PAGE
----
So why go to a music competition? What can a young adult musician expect to experience at such an event? The World Federation of International Music Competitions, a Geneva-based umbrella organization of more than 120 of the world’s finest international competitions (including the Melbourne International Chamber Music Competition and the Sydney Piano Competition), defines international competitions as follows: “a celebration dedicated to a particular discipline or disciplines of classical music, held periodically to present aspiring young performers or composers from throughout the world. Usually held in preliminary, semi-final and final stages, an international music competition awards at its completion prizes to the most outstanding competitors chosen by a jury, gaining for the award-winners widespread recognition that helps further their careers.”

The main points in this rather dry definition apply, as I see it, to good music competitions of any geographical orientation. They should be festivals, not battles. They should have a clear definition of instrumental or composing focus, which guarantees similar footing for all competitors. They should have long-term organizational goals (to take place annually or every so many years). They should provide various stages (with varied programs) for the musicians to display their musical personalities in.  Prizes should be awarded and the laureates’ futures should profit from their successful participation in the competition.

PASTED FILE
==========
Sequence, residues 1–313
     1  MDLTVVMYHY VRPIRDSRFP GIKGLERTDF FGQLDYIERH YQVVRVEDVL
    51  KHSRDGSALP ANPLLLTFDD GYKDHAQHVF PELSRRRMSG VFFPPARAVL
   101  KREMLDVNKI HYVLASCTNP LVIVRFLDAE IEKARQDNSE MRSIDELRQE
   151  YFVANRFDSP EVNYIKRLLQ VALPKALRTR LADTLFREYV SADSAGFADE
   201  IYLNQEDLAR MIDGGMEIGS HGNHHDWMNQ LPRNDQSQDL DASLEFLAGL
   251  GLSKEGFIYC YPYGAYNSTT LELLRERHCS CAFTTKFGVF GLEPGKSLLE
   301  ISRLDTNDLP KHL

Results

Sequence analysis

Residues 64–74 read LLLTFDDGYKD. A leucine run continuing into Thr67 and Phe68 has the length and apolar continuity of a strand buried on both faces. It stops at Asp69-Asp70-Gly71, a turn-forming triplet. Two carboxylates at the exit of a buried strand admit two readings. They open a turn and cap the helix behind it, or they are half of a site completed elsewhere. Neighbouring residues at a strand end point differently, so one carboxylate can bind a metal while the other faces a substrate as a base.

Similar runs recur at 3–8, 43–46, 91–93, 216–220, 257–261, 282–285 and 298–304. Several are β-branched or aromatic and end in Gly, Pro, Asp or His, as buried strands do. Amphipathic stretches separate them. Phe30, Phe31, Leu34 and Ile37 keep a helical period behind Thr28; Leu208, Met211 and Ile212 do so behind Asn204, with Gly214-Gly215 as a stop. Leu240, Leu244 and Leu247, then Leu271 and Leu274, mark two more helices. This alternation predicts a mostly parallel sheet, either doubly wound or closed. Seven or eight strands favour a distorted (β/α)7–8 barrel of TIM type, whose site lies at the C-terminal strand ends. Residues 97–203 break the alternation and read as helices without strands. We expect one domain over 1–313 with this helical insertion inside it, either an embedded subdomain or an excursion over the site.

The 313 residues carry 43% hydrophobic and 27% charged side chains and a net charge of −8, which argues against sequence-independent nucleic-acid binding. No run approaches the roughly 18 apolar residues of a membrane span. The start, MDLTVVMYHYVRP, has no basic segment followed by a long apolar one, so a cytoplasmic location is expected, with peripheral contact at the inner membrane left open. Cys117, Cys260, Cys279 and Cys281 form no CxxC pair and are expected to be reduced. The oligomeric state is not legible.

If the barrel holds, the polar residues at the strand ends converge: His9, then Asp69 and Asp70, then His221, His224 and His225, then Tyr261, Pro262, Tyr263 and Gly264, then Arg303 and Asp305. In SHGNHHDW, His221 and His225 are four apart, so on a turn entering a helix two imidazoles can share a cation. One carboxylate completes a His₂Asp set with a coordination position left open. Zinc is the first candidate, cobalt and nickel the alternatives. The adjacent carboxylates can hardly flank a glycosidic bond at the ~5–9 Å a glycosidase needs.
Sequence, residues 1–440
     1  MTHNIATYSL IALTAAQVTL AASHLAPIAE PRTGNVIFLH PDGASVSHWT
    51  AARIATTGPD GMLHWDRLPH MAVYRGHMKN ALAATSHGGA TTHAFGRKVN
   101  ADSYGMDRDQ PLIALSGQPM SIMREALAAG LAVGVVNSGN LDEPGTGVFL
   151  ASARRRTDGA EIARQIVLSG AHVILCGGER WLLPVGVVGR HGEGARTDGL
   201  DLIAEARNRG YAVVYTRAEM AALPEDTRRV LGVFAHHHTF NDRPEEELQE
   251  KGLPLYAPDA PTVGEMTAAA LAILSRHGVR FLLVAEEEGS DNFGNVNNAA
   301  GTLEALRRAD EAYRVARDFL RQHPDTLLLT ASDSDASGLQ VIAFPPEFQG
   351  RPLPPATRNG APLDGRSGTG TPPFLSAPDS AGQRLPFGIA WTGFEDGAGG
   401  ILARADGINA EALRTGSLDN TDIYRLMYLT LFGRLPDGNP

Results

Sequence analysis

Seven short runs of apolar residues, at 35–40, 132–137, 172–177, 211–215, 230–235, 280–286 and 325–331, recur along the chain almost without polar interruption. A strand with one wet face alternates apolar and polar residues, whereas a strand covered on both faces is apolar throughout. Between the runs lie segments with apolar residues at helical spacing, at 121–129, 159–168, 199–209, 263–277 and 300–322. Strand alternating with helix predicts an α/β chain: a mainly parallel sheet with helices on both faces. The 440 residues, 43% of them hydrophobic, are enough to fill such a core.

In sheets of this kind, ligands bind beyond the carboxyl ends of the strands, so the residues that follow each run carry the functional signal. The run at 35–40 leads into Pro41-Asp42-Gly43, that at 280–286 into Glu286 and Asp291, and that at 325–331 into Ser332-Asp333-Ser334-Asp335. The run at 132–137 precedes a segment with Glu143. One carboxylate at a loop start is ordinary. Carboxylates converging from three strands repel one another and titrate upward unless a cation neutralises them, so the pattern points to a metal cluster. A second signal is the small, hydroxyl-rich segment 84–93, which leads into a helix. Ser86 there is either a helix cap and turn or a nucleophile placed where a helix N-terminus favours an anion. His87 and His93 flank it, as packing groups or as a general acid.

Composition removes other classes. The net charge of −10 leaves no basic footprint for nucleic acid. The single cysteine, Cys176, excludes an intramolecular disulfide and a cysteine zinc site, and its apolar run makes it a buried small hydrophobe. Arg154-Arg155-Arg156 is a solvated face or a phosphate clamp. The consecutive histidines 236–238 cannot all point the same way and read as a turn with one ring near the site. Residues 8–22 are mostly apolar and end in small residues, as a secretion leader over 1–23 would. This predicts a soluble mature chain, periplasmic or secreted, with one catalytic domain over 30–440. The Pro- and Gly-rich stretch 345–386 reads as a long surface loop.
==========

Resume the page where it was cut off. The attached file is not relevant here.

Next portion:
No one music competition is quite like another, and that is a definite advantage. Some are part of a larger music program that includes year-round concert series, while others focus solely on the days of the competition itself. Some have impressive media partners and corporate sponsors, while others rely on fund-raising and volunteers. Some stand out as contributors to national or international centers of musical activity, while others pride themselves on contributing unique cultural content to their local or regional area. Some provide high tech media coverage of the competition, while others do not or cannot. Some engage in out-reach projects to schools, while others aim at a (much) more mature audience.

In any case, the competition’s primary focus should be on the young artists who come to perform. The organizers’ top priority should be to provide an atmosphere in which the artists can display their talents in the best possible way. This means a maximum of audience attention and a minimum of organizational upheaval, a maximum of fair adjudication and a minimum of bias and favoritism. 

In the final analysis, every competition prize should be seen in context. Each prize says something solely about the one particular moment in which one particular jury reached one particular decision. And of course, the prize is a marvelous reward for having worked very hard. But no prize in the world can pave the way to an audience’s heart. This is the path the artist travels alone, with his or her artistic gifts and a passion for sharing them with those who chose to listen.

© Linda Anne Engelhardt
1991 – 2008, Executive Director of the Hannover International Violin Competition „Joseph Joachim“
1999 – 2008, First Vice-President of the World Federation of International Music Comeptitions
2003 – 2009, Vice-Chair of the Council of the Hannover University of Music and Drama (Germany)
Since 2009 – Chairman of the Board of the Hitzacker Summer Music Festival (Germany’s oldest chamber music festival)